Whether the 8 part British new version starting in March will come to the US is hard to tell. I think they will try because of the success last time. There are many signs in this new series of greater literal adherence to the storyline of the books (called “faithfulness) so there should be an accompanying historical accuracy.
I hope the series succeeds for they could go on to film the next three books for next year and then they’d have the last 5 for a third (which includes a novel as powerful as the best of the first 7), The Twisted Sword, partly set on the battlefield of Waterloo).
I now know of a person who wants to do a biography of Graham, who put on the net a Winston Graham reader, and he has told me who is the obstacle and what to further work; and can report there have been two academic style essays published on the Poldark novels, one on humor and the other on rape: “‘Why don’t you take her?’ Rape in the Poldark narrative” by Julie Taddeo. And I did the politics in a conference: “‘I have the right to choose my own life!’: Liberty in the Poldark Novels.”
In the great houses in the Poldark novels what is shown is they are center of political power — something usually left out nowdays. It's found everywhere in Trollope. In Trollope and Graham the purpose of the great house, and all your experiences in it are shaped by its political function, who’s there and the political reason you have been invited, and the film adaptation keeps to this:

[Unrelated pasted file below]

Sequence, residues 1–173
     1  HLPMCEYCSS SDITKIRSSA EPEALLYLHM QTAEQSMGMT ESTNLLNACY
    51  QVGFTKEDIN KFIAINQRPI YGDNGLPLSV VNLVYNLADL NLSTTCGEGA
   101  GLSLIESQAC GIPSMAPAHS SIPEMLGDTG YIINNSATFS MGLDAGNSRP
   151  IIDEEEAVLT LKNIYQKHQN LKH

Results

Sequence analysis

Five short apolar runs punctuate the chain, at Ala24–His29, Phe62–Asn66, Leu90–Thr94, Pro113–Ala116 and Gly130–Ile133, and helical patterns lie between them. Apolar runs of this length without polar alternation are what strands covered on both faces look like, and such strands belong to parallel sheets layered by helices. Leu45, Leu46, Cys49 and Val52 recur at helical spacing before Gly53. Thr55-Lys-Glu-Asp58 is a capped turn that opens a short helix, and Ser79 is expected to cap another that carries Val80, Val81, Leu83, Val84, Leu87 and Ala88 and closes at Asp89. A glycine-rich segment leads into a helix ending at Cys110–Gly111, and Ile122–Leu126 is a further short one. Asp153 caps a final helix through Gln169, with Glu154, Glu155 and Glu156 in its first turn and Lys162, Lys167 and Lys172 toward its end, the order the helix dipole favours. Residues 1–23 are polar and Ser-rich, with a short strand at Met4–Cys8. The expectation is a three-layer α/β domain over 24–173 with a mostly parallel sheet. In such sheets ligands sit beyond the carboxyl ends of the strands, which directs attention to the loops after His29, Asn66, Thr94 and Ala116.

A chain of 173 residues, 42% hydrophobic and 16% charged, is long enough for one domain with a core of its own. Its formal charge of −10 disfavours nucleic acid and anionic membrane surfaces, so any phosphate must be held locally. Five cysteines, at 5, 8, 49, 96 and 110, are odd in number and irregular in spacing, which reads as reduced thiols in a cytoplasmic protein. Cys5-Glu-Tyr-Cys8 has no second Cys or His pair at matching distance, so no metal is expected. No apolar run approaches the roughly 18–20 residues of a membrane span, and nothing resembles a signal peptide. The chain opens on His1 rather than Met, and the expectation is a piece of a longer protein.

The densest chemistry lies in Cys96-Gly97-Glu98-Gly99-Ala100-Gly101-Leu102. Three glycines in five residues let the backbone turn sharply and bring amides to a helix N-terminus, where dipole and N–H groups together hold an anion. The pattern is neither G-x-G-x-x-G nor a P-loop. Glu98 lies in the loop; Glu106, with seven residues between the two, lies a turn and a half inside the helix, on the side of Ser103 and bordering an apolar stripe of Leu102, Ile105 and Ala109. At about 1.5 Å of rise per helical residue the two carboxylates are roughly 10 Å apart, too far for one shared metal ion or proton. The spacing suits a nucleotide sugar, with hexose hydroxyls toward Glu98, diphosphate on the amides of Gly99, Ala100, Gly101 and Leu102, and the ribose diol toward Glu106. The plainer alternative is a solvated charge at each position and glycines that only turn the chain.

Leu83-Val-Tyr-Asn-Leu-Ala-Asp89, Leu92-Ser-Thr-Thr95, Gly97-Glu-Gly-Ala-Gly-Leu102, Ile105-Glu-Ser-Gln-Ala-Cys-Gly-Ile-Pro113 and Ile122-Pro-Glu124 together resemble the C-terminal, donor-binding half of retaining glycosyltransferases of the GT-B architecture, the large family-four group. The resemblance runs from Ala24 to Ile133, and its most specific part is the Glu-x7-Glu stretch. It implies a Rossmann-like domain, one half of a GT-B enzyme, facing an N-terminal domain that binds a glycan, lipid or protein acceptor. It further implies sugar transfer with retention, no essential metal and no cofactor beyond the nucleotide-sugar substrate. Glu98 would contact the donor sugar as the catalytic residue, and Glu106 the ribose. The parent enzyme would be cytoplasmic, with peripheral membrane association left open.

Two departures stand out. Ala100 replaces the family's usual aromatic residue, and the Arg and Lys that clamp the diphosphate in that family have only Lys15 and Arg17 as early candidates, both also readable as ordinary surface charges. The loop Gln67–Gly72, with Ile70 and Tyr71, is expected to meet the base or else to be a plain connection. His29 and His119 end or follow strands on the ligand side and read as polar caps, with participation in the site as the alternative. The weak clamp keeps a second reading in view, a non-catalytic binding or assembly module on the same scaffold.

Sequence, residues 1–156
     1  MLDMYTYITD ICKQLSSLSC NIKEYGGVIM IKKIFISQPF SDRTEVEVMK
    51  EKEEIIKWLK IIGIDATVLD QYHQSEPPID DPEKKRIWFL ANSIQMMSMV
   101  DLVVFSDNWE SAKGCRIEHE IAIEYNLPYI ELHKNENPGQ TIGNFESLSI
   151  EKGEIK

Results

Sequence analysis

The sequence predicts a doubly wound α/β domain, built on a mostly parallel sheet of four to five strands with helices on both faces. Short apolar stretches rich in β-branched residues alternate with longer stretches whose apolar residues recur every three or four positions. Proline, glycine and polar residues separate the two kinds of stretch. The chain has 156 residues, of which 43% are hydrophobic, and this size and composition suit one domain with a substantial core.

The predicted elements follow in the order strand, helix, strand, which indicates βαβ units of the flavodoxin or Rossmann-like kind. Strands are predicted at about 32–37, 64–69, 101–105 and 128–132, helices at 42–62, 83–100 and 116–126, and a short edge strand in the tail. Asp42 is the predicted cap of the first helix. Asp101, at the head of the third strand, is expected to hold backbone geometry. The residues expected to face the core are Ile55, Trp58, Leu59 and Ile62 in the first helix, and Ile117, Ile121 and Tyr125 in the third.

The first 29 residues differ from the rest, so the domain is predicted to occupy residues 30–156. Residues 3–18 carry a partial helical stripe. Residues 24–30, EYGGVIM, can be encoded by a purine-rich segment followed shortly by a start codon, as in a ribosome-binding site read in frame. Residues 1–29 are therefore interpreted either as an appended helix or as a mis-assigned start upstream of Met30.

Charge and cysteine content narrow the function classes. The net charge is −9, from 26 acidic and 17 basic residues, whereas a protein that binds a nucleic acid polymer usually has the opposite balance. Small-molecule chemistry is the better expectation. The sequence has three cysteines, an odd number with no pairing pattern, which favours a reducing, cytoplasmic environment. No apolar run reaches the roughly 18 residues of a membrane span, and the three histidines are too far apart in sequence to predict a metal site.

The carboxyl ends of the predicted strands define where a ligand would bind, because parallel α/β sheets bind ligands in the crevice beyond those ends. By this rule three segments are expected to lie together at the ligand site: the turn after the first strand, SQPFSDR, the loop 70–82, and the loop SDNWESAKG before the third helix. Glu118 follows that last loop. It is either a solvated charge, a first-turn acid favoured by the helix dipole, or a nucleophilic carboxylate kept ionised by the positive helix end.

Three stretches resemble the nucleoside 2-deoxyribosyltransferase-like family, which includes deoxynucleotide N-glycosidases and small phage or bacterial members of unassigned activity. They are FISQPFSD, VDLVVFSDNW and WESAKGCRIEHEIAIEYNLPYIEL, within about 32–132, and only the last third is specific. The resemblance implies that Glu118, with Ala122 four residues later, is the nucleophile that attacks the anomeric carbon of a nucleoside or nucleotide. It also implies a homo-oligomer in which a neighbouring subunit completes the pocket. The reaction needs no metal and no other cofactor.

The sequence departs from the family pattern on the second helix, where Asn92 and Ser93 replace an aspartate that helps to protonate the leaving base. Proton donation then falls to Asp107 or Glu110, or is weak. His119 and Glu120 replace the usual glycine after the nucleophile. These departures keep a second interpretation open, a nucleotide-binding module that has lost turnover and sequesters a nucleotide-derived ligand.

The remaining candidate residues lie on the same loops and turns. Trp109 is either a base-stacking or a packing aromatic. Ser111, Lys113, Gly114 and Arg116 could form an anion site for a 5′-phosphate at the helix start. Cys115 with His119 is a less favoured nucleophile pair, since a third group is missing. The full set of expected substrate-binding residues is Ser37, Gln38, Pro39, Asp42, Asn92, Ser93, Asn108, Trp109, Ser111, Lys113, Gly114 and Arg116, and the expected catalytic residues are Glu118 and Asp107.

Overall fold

On loving the books all over again.
As I prepare for the course, the tone, the attitude of mind, the characters, the explicit and implied axioms underlying Ross Poldark have made me feel better and revived good memories. I enjoy the attitudes of mind in Ross, bond with Demelza, Francis and Verity Poldark. I can understand Elizabeth. I enjoy this kind of depiction of the 18th century: it’ll allow me to talk of the 18th century “from below” (smuggling), of reform and radical politics. Of sexuality as seen in this novel. Of landscape. How historical fiction is powerful when written well. Of how it reflects post WW2 England and its worlds — one of the reasons it was so popular in the US too. I am enjoying even more Demelza with its depiction of the 18th century working and agricultural classes and early capitalism and the provincial theater and dancing.
Central to the charm of Ross and Demelza Poldark’s relationship in the first two novels for me is they walk away from the world to one another (for me an emblem of Jim and I); indeed the first season ended on them walking on the beach together after the community has been ravaged by riot, violence due to injustice.
Beyond Demelza, I’m also very found of Graham’s Elizabeth and Verity and for the brief time I was on the Graham fan website I chose the pseudonym Elizabeth Chynoweth — I felt for her, she made bad mistakes in her choices of husband, but she preferred her children to men, and I felt for her.
Verity for her plainness, direct honesty, kindliness, lack of concern, her dignity, when at first she feels she must give Blamey up her dignity, her resolution, her turning to her room and enduring it; how she can dismiss hierarchy when human value can trump this. I haven’t read the last 5 novels enough to be able to name a heroine I have bonded with in the same way, but while not identifying closely (as she is kept at a distance), the most compelling single figure of the second season for me is Morwenna Chynoweth (Jane Wymark), coerced into marriage (and in effect raped nightly by her husband), shattered by such experiences.